China temporarily lost its lead to India in 2022, but by H1 2023, reclaimed the top spot, raising $861 million.

Rai feels that the focus on upstream will increase as climate change is impacting agriculture a lot. for that matter, cotton production has reduced this year in North India due to an untimely attack of pink ball worm.

“Similarly, the varieties which have been resulting in better yield are now prone to diseases and pests and are fetching poor yield and quality. So, a large amount of innovation is needed and hence investment will flow here. Also, these are good margin businesses and can go global easily, while the strong distribution network for agri-input products in India will help to make scaling faster,” he says.

According to him, companies will be focusing on increasing production and bringing certainty to farm income by practising climate resilient or precision agriculture.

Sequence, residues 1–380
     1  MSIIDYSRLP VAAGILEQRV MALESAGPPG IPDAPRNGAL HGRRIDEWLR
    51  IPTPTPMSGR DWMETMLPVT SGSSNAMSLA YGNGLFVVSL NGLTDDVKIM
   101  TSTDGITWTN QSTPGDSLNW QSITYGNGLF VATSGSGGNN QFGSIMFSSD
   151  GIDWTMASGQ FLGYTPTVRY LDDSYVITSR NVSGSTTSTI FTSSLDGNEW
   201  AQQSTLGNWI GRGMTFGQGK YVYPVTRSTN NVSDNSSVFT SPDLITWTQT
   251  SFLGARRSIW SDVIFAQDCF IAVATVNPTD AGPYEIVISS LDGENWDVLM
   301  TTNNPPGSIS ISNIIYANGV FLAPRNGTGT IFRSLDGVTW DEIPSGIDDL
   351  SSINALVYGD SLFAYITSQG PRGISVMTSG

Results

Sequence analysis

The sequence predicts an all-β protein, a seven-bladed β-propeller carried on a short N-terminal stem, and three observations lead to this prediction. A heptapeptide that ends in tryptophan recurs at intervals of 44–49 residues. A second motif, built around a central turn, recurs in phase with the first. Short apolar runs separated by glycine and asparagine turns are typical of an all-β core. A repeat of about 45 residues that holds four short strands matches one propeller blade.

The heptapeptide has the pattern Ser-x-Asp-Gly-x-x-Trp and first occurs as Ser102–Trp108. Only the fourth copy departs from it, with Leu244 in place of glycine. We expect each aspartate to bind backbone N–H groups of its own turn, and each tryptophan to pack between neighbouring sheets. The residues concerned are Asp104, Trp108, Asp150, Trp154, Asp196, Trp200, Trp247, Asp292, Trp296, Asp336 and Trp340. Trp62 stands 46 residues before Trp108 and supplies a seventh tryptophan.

Biotech companies will build a better variety of seeds and bio-fertilisers. Aggregators who are bringing better variety in fruits with focus/partnerships on upstream will be the differentiators. FPOs are going to be in demand as companies will target them to test their ‘The whole product’ models. Sustainable packaging companies using agricultural waste as input will also thrive.

Currently, the Indian agriculture sector stands at the crossroads of innovation and sustainability, poised to redefine the agritech landscape and play a pivotal role in the economic revival of the nation. By maintaining a good balance between traditional expertise and the latest innovations, this sector will navigate through challenges and play a pivotal role in leading the economic revival in the country in 2024.